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Poll shows support for children's services tax

Need for programs increases in county, experts say


Washington County voters could be asked to vote on a property tax levy to fund non-school programs for young people in the November 2016 election.

A recent poll commissioned by the Children’s Opportunity Fund Initiative of Washington County found most voters would approve such a tax.

“There is strong support for a levy that would create sustainable funding of positive programs for children and youth during non-school time,” said COFI chairwoman Katie Riley.

The poll found 57 percent of county voters would support a levy that guarantees 95 percent of the funding goes to quality early childhood, after-school and summer programs that promote academic achievement, child abuse prevention and child hunger programs, as well as support for children in foster care.

Support drops to 63 percent if opponents argue property taxes should not be raised because of the economy.

Poll questions suggested the levy could increase property taxes 20 cents or 40 cents per $1,000 of assessed value.

Based on the results, Riley says her organization will now explore the possibility of placing such a measure on the 2016 general election ballot. Options include asking the Washington County Commission to refer such a measure to the ballot or an initiative petition drive.

This poll of 502 likely 2016 county voters was conducted by Anzalone Liszt Grove Research between January 12 and 15. It used a mix of landline and cellphone dialing, and has a margin of error of plus or minus 4.4 percent. The poll was financed by COFI supporters and a grant from the Meyer Memorial Trust.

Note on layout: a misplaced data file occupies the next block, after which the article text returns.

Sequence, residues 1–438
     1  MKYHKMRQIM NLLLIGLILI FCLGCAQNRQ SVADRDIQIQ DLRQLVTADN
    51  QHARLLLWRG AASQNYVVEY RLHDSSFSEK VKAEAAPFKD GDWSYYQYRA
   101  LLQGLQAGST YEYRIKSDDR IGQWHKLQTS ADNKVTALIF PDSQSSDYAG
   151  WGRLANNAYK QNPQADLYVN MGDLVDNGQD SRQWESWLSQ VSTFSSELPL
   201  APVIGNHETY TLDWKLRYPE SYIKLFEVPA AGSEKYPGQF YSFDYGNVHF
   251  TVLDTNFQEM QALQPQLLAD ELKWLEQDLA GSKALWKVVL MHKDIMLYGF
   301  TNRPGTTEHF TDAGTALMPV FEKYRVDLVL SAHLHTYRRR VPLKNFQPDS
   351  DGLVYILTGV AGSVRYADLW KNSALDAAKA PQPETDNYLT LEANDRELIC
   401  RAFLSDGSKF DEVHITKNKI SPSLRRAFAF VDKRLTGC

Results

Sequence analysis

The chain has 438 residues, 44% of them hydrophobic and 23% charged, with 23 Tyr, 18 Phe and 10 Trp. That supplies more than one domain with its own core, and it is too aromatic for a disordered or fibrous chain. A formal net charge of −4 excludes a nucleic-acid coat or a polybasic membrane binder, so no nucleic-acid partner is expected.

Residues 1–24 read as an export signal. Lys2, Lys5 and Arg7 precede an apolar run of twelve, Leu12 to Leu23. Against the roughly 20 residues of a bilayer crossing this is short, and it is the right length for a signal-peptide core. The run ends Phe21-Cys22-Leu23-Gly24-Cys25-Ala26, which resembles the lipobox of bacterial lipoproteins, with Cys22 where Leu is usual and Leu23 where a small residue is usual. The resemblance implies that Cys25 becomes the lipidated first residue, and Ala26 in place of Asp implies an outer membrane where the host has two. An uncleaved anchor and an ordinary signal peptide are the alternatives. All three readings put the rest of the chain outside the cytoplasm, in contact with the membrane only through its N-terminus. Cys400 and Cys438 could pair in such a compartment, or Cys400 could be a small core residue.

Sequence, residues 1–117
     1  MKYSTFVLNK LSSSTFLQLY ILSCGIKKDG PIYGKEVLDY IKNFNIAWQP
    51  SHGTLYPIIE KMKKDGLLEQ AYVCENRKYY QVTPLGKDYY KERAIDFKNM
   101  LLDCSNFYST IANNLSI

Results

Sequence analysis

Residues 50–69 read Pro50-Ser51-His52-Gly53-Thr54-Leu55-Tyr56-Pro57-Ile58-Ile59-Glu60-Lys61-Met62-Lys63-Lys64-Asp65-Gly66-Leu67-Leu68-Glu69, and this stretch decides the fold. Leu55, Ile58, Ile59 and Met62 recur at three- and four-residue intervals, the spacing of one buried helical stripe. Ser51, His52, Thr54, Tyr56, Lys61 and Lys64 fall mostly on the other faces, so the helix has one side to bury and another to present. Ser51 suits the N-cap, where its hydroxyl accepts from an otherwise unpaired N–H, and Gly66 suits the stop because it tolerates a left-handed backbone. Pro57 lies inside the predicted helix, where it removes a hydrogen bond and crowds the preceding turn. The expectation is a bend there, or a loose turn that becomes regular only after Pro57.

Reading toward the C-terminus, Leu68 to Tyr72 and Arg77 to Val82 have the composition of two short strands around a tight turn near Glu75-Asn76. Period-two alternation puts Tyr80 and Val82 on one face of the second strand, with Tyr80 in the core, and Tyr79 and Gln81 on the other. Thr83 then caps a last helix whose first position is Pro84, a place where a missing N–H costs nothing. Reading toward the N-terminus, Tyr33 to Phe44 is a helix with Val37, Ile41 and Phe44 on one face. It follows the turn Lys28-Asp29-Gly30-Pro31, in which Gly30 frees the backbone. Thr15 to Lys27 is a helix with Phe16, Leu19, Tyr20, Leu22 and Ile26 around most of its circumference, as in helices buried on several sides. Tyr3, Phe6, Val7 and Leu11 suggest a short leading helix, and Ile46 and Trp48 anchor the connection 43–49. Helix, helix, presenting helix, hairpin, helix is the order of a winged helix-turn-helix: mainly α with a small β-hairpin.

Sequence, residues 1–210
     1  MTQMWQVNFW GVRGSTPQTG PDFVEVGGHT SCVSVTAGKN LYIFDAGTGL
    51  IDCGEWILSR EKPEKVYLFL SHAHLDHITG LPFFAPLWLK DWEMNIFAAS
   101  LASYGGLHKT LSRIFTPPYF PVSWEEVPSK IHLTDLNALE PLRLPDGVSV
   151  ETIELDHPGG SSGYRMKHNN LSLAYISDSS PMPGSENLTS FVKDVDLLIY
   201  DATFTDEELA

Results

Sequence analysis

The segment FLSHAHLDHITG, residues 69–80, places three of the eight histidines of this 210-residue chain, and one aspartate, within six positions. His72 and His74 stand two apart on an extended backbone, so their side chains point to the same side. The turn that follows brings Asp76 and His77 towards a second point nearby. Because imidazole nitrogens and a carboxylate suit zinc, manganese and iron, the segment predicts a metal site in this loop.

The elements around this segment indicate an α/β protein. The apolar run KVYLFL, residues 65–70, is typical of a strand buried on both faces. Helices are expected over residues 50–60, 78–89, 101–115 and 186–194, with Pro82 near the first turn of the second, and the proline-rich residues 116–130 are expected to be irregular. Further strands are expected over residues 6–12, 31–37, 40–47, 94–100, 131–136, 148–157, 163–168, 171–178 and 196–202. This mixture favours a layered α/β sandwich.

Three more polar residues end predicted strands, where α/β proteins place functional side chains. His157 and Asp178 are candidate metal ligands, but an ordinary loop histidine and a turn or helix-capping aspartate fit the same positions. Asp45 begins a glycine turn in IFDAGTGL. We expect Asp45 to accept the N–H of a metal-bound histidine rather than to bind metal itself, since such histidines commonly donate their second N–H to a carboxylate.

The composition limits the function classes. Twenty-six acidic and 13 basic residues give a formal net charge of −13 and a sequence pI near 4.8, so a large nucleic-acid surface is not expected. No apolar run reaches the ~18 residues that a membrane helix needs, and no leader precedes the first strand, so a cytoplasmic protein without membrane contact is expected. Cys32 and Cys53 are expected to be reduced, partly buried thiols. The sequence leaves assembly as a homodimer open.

COFI is a not-for-profit advocacy organization. According to Riley, the need for additional programs and services is increasing in the county, in part because the state is changing how it funds some of the existing ones. For example, the 2013 Oregon Legislature agreed to focus funding on early childhood development programs, reducing the resources for older children beginning in July 2014.

“Research shows that if you don’t continue providing services to children, a lot of the early gains can be lost, especially with children who are at risk,” said Riley.

Poll questions suggest some specific ideas are under consideration, however. One county resident who received a call from the pollster told Pamplin Media Group questions about iFunding options included early childhood education, child abuse prevention, hunger reduction and after-school child care and other programs.

The pollster also gauged the reaction to pro and con arguments for such a measure. Potential arguments in favor included too many Washington County children who are abused, neglected and going hungry. One argument against the measure was its cost during tough economic times.

Riley said her organization is looking at the existing Portland Children’s Levy as a possible model for the measure. It is a five-year property levy that has been approved twice by Portland voters to provide millions of dollars every year to nonprofit organizations that provide services to children. The funds are distributed by an organization that accepts and evaluates funding requests.

According to COFI’s website, research reveals that child abuse in Washington County increased by 77 percent from 2000 to 2010. During that same time, the number of students eligible for free and reduced-price lunches increased from 22 percent to 40.3 percent of students. In 2012, 42 percent of Washington County students qualified.

For more information about the initiative, visit impactnw.org/childrens-opportunity-fund-of-washington-county.



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